The Prince & Me review by Mike Long

Every movie needs a plot device to motivate the plot. No matter how abstract, mundane, or pedestrian a film, or even if it's a very realistic drama, something must happen to motivate the characters from Point A to Point B. These plot points typically relate to the plot, ie: fantastic in a sci-fi film, seemingly average in a drama, etc. In most films, we take these elements for granted, or more often, don't even notice them. That isn't the case with The Prince & Me. This film may have one of the worst motivational plot devices of all time and creates a giant speed-bump in the film which could be impossible for many viewers to get over.

In the film, Julia Stiles plays Paige Morgan, a young woman who grew up on a dairy farm in Wisconsin. She is now attending The University of Wisconsin and is studying to be a doctor. Her goal is to do charity work with Doctors Without Borders. The only time that she isn't studying, she's working to make some extra money. Meanwhile, in Denmark, Prince Edvard (Luke Mably) is an embarrassing member of Danish royalty. This rakish young man is more interested in racing cars and fondling women than preparing to take the throne. His parents, King Haraald (James Fox) and Queen Rosalind (Miranda Richardson) are very disappointed in his behavior and are constantly urging him to take things more seriously. While watching TV, Edvard sees a "Girls Gone Wild"-type commercial for a video entitled "Girls of Wisconsin". Upon seeing this, he announces that he wants to travel to Wisconsin to attend college, and although his parents object, he acts upon this whim.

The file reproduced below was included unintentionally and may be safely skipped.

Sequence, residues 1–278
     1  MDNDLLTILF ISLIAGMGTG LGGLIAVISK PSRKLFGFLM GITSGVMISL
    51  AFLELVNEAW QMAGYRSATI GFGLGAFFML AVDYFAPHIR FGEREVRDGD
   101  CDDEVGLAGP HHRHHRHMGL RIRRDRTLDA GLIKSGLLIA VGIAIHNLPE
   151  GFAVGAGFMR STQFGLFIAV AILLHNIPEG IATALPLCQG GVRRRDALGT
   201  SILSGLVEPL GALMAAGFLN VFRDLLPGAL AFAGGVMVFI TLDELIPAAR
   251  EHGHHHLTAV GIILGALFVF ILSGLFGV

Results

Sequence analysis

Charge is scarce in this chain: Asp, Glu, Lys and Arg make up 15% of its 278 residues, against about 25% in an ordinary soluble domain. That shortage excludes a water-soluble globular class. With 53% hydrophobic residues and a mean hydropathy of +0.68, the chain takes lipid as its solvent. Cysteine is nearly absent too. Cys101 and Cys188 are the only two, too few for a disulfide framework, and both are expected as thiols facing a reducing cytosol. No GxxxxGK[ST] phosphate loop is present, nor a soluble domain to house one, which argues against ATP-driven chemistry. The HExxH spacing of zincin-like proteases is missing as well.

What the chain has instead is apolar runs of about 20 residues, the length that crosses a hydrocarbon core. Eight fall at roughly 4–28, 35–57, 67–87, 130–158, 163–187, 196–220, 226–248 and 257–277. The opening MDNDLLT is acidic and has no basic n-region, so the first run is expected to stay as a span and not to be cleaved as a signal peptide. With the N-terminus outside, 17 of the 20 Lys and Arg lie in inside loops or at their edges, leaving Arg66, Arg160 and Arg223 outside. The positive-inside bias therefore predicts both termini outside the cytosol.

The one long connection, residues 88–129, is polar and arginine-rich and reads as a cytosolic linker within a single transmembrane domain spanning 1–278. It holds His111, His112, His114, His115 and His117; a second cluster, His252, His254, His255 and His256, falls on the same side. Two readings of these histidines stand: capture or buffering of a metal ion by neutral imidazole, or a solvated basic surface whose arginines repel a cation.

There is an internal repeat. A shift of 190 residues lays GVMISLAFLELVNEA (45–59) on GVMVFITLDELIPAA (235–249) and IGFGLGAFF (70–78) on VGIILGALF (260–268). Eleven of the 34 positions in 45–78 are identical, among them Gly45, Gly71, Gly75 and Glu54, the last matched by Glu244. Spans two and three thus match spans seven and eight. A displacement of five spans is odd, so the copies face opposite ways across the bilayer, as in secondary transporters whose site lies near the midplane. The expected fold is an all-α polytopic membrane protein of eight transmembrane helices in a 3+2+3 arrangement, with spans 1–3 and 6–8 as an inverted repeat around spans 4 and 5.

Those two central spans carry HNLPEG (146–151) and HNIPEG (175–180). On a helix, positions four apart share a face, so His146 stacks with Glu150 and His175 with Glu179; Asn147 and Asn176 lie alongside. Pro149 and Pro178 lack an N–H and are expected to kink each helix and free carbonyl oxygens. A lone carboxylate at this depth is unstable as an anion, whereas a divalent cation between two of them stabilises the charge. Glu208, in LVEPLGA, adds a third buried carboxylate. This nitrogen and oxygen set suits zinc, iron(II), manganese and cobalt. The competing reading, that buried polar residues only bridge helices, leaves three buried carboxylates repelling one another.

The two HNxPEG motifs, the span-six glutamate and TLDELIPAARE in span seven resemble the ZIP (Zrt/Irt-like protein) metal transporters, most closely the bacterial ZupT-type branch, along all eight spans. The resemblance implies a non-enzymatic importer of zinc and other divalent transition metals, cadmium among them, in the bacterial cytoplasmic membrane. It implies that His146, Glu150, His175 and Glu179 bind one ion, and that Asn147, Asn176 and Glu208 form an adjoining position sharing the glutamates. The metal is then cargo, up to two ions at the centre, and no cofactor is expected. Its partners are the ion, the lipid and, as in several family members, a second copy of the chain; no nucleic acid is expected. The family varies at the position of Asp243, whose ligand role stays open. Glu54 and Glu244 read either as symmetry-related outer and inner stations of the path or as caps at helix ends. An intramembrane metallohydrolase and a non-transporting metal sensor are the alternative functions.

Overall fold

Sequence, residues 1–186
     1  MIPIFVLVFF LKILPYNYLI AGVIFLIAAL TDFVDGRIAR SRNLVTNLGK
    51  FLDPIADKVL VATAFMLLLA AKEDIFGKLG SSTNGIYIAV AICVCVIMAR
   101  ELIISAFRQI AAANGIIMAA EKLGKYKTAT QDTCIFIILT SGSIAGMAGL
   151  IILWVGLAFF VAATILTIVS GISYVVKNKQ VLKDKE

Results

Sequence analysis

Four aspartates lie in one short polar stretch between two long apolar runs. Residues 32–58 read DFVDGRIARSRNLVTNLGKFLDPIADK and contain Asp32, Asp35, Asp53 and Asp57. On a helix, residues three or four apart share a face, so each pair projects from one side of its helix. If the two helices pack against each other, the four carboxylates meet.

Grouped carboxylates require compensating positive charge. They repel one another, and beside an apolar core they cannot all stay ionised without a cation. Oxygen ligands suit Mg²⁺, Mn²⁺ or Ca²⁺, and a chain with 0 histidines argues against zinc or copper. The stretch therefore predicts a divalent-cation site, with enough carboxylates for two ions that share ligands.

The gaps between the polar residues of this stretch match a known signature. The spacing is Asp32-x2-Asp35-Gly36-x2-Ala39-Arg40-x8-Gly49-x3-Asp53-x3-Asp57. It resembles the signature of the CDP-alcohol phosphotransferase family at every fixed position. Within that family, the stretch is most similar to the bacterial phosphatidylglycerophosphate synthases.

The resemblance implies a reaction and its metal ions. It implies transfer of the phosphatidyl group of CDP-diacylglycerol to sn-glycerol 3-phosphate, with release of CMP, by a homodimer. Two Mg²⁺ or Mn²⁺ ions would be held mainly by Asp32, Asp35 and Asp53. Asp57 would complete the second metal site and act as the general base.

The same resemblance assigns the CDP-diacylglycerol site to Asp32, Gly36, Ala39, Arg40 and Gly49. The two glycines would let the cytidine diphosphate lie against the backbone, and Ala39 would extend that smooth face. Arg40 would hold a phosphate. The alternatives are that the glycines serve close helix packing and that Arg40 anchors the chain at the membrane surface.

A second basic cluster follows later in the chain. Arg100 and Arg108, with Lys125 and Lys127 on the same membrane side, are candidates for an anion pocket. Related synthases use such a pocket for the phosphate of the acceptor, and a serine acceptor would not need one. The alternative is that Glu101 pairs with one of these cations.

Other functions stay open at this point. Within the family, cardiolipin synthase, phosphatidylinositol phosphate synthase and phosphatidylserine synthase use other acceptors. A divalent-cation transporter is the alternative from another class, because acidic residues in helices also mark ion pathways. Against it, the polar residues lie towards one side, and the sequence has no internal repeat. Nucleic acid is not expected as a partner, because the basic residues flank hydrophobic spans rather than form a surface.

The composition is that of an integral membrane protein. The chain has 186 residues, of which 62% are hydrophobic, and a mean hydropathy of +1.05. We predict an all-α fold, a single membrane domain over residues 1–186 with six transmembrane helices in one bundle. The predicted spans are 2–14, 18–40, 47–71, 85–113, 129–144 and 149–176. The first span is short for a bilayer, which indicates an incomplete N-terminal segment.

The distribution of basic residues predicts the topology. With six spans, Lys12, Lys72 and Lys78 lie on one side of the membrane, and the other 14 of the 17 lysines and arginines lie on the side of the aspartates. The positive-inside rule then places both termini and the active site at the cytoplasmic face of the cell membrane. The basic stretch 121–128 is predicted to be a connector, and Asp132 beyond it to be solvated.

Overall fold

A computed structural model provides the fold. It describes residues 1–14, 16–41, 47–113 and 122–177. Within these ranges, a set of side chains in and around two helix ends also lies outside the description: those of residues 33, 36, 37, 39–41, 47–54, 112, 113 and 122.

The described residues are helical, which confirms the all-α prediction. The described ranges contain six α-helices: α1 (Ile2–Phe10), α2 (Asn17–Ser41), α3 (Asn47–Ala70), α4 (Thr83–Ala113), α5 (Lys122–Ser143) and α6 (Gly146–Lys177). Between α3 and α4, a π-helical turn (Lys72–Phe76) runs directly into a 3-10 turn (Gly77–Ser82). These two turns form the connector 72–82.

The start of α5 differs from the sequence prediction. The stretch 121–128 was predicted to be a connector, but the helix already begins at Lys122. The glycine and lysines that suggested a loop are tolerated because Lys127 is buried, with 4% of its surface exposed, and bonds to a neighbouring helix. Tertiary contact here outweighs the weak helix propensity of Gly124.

(On the audio commentary accompanying The Prince & Me, director Martha Coolidge states that she doesn't think that Edvard goes to the U.S. simply because he hopes to see topless women. Well, I hate to tell you Martha, that's all that we get from the movie.)

Once Edvard arrives at The University of Wisconsin (where he wants to be known as Eddie), he approaches the first woman that he meets and asks her to take her top off. That woman is Paige and she's deeply insulted by Eddie's advances. She's even more mortified when she finds Eddie in her chemistry class. Things get even weirder when Eddie takes a job in the bar where Paige works. Realizing that she can't get away from Eddie, she approaches him for help in her Shakespeare class. From this, a friendship begins to grow, and when she takes him home for Thanksgiving, a romance starts to blossom. All of that comes to a halt when it's revealed that Eddie is the Prince of Denmark. How will Paige deal with this knowledge and can she see herself becoming royalty?